“Violet Bent Backwards Over the Grass," Lana Del Rey’s first poetry collection, establishes itself among one of the most digestible celebrity poetry collections exploring themes of Americana, trust, love, fame and melancholy.
With the rise of Instagram poetry, either a pest or the peak of poetry to some, my expectations of Del Rey’s poetry book was neutral. I pushed my six years of being a fan, the consistent albums delays and false release dates, odd behavior and controversies throughout these past few months aside.
However, I must admit that Del Rey has the essence of a poet in her lyrics. So, my expectations were a pinch higher compared to other celebrities' poetry book attempts. Del Rey in the past has personified relationships, the media, and other events in songs, such as "High By The Beach.”
In the opening poem that shares the same name of the book, the speaker “decided to do nothing about everything/forever.” The author depicts a scene during what seems to be a Fourth of July gathering with the line “Waiting for the fireworks to begin.” This line also introduces the theme of Americana.
Del Rey’s imagery is meticulous and raw as she goes into detail about her emotions, nature, and facial features. The names of random strangers pop up here and there. Del Rey’s design includes her slowly-becoming-iconic typewriter, which she strikes through and edits.
One aspect of this poetry book that I enjoyed the most was how the reader can see her process of creating the poems. Examples of this are “Never to Heaven” and “Quiet Waiter—Blue Forever” where Del Rey has the draft on the left side and her edited edition on the right.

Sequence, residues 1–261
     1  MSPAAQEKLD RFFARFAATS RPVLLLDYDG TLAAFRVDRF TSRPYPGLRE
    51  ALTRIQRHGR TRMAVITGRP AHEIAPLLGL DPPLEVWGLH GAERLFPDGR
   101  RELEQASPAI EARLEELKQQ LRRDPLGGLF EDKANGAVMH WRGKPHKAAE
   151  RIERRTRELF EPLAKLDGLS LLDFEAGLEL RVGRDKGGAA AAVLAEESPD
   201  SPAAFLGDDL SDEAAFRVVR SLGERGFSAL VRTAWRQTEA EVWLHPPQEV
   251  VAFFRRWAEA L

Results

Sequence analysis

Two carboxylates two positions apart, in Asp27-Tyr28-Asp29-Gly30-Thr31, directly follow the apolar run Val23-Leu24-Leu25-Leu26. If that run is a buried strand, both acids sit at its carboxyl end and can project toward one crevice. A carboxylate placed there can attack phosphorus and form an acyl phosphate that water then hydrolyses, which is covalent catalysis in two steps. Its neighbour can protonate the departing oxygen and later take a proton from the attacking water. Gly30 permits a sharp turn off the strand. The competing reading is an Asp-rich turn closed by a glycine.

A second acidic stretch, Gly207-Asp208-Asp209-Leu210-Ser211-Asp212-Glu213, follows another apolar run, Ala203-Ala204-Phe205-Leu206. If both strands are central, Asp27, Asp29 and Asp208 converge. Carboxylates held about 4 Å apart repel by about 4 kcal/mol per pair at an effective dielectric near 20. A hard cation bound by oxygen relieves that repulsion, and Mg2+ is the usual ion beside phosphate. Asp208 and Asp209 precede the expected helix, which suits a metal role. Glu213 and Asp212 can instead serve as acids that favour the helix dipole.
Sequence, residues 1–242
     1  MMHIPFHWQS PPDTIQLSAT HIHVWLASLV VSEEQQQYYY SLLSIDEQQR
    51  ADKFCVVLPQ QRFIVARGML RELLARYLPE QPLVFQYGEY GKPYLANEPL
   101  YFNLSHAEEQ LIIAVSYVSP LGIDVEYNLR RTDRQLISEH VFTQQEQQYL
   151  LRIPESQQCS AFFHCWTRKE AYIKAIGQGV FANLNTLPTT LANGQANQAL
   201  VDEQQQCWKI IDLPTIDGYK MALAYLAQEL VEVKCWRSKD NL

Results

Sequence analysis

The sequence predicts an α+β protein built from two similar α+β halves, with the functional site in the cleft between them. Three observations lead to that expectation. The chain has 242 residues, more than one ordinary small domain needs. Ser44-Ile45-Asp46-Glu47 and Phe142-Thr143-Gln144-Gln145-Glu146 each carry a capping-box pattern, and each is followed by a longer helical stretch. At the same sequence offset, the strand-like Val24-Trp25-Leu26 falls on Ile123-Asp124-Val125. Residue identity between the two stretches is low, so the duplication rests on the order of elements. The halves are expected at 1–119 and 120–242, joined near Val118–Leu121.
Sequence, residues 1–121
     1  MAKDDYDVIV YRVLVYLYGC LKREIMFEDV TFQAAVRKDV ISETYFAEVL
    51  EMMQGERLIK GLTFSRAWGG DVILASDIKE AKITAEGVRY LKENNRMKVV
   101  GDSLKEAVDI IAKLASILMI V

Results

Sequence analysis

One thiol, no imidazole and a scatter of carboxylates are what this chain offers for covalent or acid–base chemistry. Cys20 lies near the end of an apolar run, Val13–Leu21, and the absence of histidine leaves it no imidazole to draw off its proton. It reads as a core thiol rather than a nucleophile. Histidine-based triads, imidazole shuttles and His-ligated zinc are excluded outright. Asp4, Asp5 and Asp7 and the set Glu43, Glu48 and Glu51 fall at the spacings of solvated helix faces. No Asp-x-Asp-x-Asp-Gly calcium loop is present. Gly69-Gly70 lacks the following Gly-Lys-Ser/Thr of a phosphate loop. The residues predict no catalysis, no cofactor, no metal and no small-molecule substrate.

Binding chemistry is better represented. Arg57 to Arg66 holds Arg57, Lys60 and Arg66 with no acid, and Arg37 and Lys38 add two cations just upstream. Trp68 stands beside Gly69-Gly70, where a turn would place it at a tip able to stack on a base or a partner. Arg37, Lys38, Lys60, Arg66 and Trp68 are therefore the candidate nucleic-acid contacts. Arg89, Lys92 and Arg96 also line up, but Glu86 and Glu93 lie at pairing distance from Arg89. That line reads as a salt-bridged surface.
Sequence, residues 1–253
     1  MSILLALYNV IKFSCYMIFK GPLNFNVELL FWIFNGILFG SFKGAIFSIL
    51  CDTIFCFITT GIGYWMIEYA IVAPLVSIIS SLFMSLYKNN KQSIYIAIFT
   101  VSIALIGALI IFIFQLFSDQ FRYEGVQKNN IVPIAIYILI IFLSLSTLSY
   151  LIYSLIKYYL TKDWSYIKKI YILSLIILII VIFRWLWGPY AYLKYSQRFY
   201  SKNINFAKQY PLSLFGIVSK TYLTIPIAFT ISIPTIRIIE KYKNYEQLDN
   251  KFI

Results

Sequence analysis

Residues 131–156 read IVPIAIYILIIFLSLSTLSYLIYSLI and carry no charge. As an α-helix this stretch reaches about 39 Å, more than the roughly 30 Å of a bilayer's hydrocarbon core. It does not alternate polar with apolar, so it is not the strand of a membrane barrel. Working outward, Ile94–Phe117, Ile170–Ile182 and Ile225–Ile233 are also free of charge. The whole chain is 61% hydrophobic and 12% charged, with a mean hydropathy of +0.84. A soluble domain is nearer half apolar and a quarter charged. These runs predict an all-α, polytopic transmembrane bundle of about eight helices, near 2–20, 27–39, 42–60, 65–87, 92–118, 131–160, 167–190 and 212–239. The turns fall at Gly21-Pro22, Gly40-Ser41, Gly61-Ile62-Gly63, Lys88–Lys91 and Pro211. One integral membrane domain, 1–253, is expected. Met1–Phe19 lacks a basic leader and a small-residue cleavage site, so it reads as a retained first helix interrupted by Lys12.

If this poetry book was a music album, “Sports Cruiser” would be the leading single. Not for the radio, per se, but it has the best context. The speaker, who we might say is Del Rey herself, drives deep into her inner psyche. The events within the three pages include flying a plane on her birthday, learning how to sail a boat, and trusting yourself.
Yet a couple of downsides of “Violet Bent Backwards Over the Grass” is the lack of page numbers and lack of sections. I can not tell if this was supposed to be initial or not due to the book's theme of escaping and dreaminess. The poems sometimes felt randomly placed with no connection to the next.
Imitate is the perfect word to describe this work. The prose is not too difficult to understand or too simplistic. Packed with enough figurative language that a first-time reader of poetry would understand. Each photo connects to the following poem. There is also a section at the end of the book called, “notes for a poet.”
Overall, Lana Del Rey’s first book was a great start at her taking a step into the poetry world. Better than most poetry books of our time, Del Rey sets herself apart by using her environment, life experiences, and lost love to create a world that the reader can escape to.